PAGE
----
It is important for us to go over this conversation because Jesus talks about the kingdom of God. The Apostle Paul speaks to Timothy concerning the testimony of Jesus. I Timothy 6:13 He says that Jesus “made the good confession.” This confession is only mentioned in the Gospel of John. The synoptic gospels contain a five-word response of Jesus. These gospels record the fact that Jesus was asked if He were the king of the Jews. They report Him as answering the question in the following manner: “It is as you say.” Matthew 27:11; Mark 15:2; Luke 23:3. He is recorded as saying nothing else. What is recorded in John teaches us what a good confession is. It is not rude, rough or abrupt. It is not veiled in mystery. It is simple, kind and direct. Jesus treated Pilate with the respect due him because of his office. Christ addresses divine versus human affairs and of God’s sovereignty. This teaches us how we should speak of spiritual things and what we should say.
Further, this statement contains a definition of the nature of Christ’s kingdom in the very words of Jesus. They were spoken at an important moment in history.
Christ, A King
Whatever the appearances may be to the contrary, Jesus confesses that He is a king. Even though He was bound and beaten (Luke 22:63-65), He was entitled to be called a king.
What is true of the king is no less true of his kingdom. Note what Charles Haddon Spurgeon wrote concerning this over a hundred years ago:
“To this day, pure Christianity, in its outward appearances, is an equally unattractive object, and wears upon its surface few royal tokens. It is without form or comeliness, and when men see it, there is no beauty that they should desire it. True, there is a nominal Christianity, which is accepted and approved of men, but the pure gospel is still despised and rejected. The real Christ of today, among men, is unknown and unrecognized as much as he was among his own nation eighteen hundred years ago…Christ chanted in cathedrals, Christ personified in lordly prelates, Christ surrounded by such as are in kings’ houses, he is well enough; but Christ honestly obeyed, followed, and worshiped in simplicity, without pomp or form, they will not allow to reign over them…”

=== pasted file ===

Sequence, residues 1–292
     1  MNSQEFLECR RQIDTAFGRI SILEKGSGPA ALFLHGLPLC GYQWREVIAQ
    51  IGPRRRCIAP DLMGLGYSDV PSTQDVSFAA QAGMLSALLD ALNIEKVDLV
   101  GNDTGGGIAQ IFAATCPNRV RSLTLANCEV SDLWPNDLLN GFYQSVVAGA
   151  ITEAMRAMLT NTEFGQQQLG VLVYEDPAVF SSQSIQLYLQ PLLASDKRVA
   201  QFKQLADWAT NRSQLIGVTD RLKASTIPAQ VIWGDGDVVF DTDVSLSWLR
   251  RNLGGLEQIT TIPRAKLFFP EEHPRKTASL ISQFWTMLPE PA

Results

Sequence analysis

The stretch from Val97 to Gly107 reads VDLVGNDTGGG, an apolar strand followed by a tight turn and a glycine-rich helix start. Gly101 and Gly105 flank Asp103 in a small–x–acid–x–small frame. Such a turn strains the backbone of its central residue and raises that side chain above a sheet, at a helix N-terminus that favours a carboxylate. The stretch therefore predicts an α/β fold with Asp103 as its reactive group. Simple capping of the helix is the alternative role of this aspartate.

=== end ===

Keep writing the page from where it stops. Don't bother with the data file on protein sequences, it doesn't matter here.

“We are satisfied that Christ is the king still where he wont to be king, and that is not among the great ones of the earth, nor among the mighty and the learned, but amongst the base things of the world and the things which are not, which shall bring to nought the things that are, for these hath God from the beginning chosen to be his own.” [Charles Haddon Spurgeon, “Jesus, the King of Truth,” Metropolitan Tabernacle Pulpit, vol. 18 (Pasadena, Tex.: Pilgrim Publications, 1971), 699]